Rawa Abu Alsamah was in constant motion on a recent Friday morning, zipping around the gymnasium of Denver’s STRIVE Prep-Lake Campus Middle School as she oversaw a pop-up market put on by her students. In her wake was a line of students following behind like ducklings.
Some wanted to show their teacher the homemade product they were selling. Others wanted to tell her a funny story from the previous night. A few just wanted a hug.
Abu Alsamah gave each of them her attention, advice and entrepreneurial expertise as she helped the students set up their small businesses on tables scattered around the gym floor.
Abu Alsamah paused — only for a moment — to scan the room and take it all in. She beamed.
“This is exactly what I wanted because I see my students smiling and happy and passionate,” she said.
Growing up in Saudi Arabia, Abu Alsamah was denied opportunities because of her gender. If she wanted to play sports, she had to do so in secret.
Last year, Abu Alsamah was STRIVE Prep Lake Campus’s girls soccer coach.
“Do you know how amazing that is?” Abu Alsamah said.
Abu Alsamah teaches special education and gifted and talented education at the Denver STRIVE Prep charter school. She teaches an enrichment course in which students learn different topics such as entrepreneurship, Arabic and international affairs.
Abu Alsamah tells her students about what life was like growing up in Saudi Arabia and answers their questions about the Middle East.
“I’m very honored to be the link between the students and different cultures,” Abu Alsamah said. “To present my country in a different way and tell the world Saudi women are capable and we can do this. Strive and Colorado is so welcoming.”
The charter school, which is slated to close next school year, bestowed Abu Alsamah with a unique title — education ambassador.
“I am honored to be the ambassador and represent my country, my language and rich culture in a good way,” Abu Alsamah said. “I want to disrupt the stereotypes and show the world how capable and successful Saudi women are.”
In September, Abu Alsamah met with the Saudi Arabian minister of education during an event celebrating Saudi Arabia’s National Day. The Denver teacher shared her story in hopes of forging a path for more Saudi women to join her in the United States education workforce.
“I’ve never heard of another Saudi woman who is working in (an) American public school or earning their teaching license,” Abu Alsamah said. “I think they’re worried they’re not going to get that support, but they can.”
Abu Alsamah finished her undergraduate degree in early childhood education at Saudi Arabia’s University of Dammam. The educator earned a scholarship that allowed her to study in the U.S. where she started attending the University of Colorado Boulder in 2015. She became the first Saudi Arabian woman at CU to graduate with a master’s degree in educational equity and cultural diversity, plus a dual endorsement in special education and culturally and linguistically diverse education.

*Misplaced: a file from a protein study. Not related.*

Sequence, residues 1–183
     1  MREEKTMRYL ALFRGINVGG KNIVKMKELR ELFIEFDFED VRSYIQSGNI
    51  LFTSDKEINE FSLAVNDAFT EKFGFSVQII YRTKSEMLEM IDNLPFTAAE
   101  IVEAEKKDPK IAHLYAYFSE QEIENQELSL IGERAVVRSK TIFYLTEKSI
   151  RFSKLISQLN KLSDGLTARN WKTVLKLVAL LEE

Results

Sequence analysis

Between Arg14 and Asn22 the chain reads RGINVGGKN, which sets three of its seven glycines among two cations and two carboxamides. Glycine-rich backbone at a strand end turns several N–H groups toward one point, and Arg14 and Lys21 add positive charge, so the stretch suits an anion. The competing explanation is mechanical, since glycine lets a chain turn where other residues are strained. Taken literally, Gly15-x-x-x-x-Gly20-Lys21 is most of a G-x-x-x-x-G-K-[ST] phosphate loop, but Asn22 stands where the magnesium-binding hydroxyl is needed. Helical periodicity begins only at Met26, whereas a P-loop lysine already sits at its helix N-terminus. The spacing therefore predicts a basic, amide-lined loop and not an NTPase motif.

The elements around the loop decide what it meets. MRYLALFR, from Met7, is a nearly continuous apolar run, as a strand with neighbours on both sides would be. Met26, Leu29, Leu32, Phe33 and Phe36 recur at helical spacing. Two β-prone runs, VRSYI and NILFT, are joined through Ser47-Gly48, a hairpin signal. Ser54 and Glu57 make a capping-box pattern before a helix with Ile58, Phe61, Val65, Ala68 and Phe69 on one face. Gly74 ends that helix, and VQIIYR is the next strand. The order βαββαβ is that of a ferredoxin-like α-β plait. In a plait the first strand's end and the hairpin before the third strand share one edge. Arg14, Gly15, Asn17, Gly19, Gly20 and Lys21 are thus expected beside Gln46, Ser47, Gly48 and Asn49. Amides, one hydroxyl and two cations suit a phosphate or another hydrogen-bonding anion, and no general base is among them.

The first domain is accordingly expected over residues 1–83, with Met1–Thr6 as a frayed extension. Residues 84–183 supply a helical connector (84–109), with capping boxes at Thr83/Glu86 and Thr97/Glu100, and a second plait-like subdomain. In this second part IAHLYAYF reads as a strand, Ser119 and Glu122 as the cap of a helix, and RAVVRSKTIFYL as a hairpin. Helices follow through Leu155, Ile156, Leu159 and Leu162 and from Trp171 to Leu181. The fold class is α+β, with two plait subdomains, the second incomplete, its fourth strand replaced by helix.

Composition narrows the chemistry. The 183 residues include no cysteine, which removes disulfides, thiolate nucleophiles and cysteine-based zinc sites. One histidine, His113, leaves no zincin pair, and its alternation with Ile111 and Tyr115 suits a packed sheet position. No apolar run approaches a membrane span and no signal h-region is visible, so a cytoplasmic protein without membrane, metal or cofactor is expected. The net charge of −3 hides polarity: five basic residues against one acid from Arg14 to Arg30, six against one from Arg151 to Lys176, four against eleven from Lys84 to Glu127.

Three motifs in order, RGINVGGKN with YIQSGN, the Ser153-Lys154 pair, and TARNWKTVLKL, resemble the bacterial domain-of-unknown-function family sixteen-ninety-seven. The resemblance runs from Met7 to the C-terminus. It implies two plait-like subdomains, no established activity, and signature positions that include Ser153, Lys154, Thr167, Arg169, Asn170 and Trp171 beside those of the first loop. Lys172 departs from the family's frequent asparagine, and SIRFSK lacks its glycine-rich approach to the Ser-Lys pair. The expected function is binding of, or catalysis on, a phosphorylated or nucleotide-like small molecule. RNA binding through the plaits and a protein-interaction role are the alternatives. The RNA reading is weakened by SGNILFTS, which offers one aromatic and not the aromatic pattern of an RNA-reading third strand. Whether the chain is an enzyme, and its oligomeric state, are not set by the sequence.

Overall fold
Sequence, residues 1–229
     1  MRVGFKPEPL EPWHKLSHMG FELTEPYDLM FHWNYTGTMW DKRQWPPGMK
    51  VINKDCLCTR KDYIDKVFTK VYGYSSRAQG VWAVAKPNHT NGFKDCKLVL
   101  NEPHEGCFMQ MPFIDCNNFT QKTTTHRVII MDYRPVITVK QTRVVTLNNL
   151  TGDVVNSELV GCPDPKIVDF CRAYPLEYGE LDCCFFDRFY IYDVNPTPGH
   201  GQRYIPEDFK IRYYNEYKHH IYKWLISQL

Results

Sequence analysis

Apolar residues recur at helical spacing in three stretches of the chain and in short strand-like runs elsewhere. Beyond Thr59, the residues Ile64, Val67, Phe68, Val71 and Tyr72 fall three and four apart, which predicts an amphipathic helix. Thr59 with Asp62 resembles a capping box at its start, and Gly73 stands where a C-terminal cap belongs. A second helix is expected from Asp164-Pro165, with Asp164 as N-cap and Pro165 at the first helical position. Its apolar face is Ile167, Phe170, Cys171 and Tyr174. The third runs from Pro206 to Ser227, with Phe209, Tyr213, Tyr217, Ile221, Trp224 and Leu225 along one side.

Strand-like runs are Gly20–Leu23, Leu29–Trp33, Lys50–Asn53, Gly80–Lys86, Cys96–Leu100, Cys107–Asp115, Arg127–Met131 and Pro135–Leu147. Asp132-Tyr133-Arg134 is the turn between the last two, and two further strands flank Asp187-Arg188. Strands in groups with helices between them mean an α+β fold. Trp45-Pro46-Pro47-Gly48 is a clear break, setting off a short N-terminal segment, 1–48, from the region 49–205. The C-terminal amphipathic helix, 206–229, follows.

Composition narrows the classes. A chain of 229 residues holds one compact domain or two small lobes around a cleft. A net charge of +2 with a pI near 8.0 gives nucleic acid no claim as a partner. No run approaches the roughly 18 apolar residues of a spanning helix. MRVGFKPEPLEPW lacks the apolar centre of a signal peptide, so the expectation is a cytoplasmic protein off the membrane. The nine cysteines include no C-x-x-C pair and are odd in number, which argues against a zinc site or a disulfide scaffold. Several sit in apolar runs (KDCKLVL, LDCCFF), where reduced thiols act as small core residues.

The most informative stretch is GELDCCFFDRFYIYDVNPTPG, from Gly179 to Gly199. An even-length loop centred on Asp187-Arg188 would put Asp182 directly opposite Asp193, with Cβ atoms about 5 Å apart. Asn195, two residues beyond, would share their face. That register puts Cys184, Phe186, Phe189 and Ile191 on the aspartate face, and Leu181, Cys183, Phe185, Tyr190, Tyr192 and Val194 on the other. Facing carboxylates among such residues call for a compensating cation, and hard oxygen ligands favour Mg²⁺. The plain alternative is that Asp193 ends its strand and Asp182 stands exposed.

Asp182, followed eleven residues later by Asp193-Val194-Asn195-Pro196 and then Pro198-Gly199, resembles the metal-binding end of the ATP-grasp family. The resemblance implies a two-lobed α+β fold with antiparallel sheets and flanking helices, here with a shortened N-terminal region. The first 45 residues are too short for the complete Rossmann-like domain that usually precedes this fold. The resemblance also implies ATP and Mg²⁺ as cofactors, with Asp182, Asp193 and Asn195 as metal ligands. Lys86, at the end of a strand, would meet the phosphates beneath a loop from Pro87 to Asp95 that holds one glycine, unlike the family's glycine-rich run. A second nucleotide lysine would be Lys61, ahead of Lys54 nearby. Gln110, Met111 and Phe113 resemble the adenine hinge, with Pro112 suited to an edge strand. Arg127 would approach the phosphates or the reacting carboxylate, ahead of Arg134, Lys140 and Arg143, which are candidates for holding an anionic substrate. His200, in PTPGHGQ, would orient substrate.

Now, Abu Alsamah is attending the University of Denver working toward her doctorate in education leadership and policy. She doesn’t know what she’s going to do when the school closes but she is interested in pursuing an educational leadership position or finding a way to make education ambassador a more official job to bridge the gap between teaching and other cultures.
“All kids deserve a high-quality education and as a teacher, this is my responsibility I am carrying,” Abu Alsamah said. “I have to do whatever extra steps to provide them that high quality. Do I need to get another degree? I will do that. Learn a new language? I will do that.”
Matthew Murphy, director of electives at STRIVE Prep, said Abu Alsamah’s class is like an oasis for students where they are given agency over what they’re learning and respected and loved.
“She sees them,” Murphy said, of Abu Alsamah and her students. “She actually sees them. Not as a number or a test score. That’s hard, especially in schools that are closing left and right. It’s hard to see the forest through the trees but she does.”
Before the market opened, Abu Alsamah spent two months with her students helping them learn about small businesses. She allowed them to choose a product to make and sell, taught them about logos, purchasing supplies, salesmanship and found sponsorship that provided each student with $50 to create their product.
On Friday, students showed off their goods — products including homemade lip gloss, cake pops, slime, flavored popcorn and beaded bracelets.
Adonis Goodnight, 13, said Abu Alsamah helped him come up with the idea to sell lanyards and decorative pins.
“What I like about my teacher is that she’s so supportive,” Goodnight said. “She’s always there when you need her. She’s great. She’s kind. She loves her students. You can tell she loves being in school.”
After remote learning during the pandemic, Goodnight said the transition back to in-person left him a little shy.
“She made me open up to people, and she helped me make friends,” Goodnight said.
Giovanni Ontiveros, a STRIVE Prep teacher in his second year of teaching, has co-taught with Abu Alsamah throughout his time in the field.
Abu Alsamah has visited Ontiveros’ class to talk about the Quran or share her experience fasting for Ramadan.
“Every time I’m in the back of the class watching her teach, it’s like a masterclass,” Ontiveros said. “The way she builds relationships with students is like something I’ve never seen. She’s probably one of the best teachers in Denver, to be honest.”
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